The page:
China coastguard enters disputed island fray: Japan
Tokyo: China`s coastguard approached disputed islands in the East China Sea for the first time on Wednesday and a Chinese military plane made an unprecedented journey between Okinawan islands, Japanese officials said.
The moves sparked alarm in Tokyo, where the government said it was a sign of "China`s ever-growing maritime advance".
Four ships, bearing the legend "China Coast Guard", were spotted in the contiguous waters of the Senkaku islands, which Beijing claims as the Diaoyus, Japan`s coastguard said.
Contiguous waters are a 12-nautical-mile band that extends beyond territorial waters. Under international rules, they are not the preserve of any one country, although the resident power has certain limited rights.
Meanwhile, a Chinese Y-8 early warning plane was seen flying over international waters between the Okinawan main island and another Japanese island of Miyako, the defence ministry said in a press release.
Japanese fighter planes were scrambled to keep a watch on the Chinese aircraft, the statement said.
Japanese Defence Minister Itsunori Onodera told reporters it was the first time a Chinese military plane had flown through the area on its way to the Pacific.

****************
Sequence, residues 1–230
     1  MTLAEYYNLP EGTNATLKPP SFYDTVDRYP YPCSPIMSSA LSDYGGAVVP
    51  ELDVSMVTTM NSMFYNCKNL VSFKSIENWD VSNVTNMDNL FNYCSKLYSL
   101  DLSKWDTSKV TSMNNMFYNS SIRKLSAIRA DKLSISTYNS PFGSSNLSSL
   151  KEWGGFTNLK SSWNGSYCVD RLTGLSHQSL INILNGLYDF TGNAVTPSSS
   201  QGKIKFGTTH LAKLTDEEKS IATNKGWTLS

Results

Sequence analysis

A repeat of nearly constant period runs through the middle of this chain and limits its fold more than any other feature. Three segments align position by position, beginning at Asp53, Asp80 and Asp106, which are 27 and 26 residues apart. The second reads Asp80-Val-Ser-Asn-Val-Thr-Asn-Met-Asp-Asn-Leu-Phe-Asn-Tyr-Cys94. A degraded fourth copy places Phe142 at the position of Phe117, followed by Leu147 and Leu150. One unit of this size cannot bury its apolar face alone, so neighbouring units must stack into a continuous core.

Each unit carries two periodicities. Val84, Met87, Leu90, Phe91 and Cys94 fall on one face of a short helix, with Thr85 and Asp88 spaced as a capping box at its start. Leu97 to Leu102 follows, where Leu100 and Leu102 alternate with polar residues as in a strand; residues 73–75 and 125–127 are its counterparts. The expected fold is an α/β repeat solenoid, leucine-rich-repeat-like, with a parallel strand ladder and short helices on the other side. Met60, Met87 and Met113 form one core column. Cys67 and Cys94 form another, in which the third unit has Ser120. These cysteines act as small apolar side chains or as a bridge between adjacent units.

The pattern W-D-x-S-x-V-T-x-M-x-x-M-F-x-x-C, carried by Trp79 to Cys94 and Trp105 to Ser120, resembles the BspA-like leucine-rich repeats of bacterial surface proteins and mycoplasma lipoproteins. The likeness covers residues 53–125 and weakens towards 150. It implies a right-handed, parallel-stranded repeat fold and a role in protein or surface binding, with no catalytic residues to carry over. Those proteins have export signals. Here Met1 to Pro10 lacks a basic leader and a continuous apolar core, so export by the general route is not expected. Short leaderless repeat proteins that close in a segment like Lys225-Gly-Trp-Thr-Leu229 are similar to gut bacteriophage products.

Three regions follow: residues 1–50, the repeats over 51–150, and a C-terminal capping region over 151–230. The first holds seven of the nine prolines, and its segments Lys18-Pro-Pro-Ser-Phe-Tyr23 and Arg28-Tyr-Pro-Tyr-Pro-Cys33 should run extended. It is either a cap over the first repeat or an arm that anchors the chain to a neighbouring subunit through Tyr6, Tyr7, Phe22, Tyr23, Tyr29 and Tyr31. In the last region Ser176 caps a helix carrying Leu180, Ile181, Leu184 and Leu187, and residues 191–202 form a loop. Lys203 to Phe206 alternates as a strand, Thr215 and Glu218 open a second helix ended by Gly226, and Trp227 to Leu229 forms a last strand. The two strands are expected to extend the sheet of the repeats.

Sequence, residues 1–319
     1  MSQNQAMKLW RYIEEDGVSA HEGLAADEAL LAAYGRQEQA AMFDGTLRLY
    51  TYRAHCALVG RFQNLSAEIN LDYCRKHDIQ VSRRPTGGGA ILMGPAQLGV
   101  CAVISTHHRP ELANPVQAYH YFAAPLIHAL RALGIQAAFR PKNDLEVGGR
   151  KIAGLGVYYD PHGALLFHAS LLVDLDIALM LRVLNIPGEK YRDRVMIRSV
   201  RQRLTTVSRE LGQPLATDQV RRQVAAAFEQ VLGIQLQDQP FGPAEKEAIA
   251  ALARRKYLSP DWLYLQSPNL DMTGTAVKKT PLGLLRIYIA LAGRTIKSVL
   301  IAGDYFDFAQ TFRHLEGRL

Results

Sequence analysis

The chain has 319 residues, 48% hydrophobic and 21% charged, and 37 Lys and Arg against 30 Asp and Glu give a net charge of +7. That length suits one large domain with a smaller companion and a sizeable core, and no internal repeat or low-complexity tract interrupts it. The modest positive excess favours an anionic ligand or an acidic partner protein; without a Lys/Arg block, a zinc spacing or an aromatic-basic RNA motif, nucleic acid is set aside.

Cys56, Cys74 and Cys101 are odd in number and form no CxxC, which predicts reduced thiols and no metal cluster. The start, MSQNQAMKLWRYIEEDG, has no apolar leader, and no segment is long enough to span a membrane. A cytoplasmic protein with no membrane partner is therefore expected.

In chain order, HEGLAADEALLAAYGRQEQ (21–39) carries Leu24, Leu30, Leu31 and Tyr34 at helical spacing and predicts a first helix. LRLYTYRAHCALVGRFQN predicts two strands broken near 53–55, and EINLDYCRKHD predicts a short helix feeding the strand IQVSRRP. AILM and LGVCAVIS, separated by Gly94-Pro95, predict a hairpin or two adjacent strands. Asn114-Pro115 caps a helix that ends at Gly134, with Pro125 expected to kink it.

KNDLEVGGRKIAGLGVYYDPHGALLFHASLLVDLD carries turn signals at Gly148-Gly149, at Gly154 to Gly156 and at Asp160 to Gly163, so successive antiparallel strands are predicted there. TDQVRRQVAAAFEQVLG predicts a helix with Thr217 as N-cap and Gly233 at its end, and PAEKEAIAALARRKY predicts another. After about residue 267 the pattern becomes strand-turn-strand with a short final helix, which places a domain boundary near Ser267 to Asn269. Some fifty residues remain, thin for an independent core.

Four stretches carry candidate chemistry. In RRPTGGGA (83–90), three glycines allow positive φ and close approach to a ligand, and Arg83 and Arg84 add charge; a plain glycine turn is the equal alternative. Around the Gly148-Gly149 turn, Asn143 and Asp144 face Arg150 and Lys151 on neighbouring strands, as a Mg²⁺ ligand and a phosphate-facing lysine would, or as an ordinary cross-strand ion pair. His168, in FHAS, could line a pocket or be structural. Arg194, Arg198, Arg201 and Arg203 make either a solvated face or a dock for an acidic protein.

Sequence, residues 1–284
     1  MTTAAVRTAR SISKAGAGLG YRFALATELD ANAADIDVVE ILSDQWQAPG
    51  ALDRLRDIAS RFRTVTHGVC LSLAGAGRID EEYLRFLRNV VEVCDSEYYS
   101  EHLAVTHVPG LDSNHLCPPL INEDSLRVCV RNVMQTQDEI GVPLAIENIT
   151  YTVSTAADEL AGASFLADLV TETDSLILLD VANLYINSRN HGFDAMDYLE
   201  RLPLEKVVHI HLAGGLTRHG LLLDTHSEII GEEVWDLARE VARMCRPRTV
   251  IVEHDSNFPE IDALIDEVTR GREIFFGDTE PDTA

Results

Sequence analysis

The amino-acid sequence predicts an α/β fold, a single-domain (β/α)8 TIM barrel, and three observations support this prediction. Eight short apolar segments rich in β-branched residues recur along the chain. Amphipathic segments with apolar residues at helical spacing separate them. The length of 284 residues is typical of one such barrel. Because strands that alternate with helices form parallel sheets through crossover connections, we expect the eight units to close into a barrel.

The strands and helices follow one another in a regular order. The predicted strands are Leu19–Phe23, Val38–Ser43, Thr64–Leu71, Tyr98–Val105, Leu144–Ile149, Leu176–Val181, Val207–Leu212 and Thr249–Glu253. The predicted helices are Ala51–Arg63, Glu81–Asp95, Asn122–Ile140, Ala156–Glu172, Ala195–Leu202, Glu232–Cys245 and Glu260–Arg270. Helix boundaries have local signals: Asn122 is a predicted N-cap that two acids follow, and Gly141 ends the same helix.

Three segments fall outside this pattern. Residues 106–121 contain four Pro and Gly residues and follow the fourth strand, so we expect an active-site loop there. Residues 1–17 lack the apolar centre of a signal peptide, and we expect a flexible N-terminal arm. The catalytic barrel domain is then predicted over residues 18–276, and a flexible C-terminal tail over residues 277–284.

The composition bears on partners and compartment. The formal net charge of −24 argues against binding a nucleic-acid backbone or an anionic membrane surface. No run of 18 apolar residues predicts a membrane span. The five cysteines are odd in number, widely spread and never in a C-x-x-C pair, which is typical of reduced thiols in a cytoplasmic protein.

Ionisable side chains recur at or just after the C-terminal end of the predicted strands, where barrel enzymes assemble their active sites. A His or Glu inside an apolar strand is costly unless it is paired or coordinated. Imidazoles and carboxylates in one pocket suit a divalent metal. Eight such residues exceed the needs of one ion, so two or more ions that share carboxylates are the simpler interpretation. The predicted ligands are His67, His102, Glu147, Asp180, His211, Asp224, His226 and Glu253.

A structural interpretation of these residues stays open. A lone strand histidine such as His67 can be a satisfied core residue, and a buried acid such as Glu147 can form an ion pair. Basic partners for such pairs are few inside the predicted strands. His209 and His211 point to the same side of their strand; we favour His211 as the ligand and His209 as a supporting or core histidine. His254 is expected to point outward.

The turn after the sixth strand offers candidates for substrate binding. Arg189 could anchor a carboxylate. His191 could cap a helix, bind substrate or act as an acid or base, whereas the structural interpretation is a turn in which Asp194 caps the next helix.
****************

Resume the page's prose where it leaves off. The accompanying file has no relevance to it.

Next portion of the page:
"We see it as a sign of China`s ever-growing maritime advance," he said.
Vessels from China`s Maritime Surveillance have frequently plied waters around the Senkaku islands -- including territorial waters -- since a huge row over their ownership flared last year when Tokyo nationalised three of them.
Confrontations between Japan`s coastguard and these ships have customarily been limited to an exchange of warnings, with each side telling the other to leave.
But this is the first time Beijing`s coastguard has been seen in the area.
Chinese media reported this week that a unified coastguard agency has gone into operation, integrating marine surveillance, the existing coastguard -- which came under the police -- fisheries law enforcement and Customs` anti-smuggling maritime police.
Chinese academics were reported as saying that the move would mean more armed ships.
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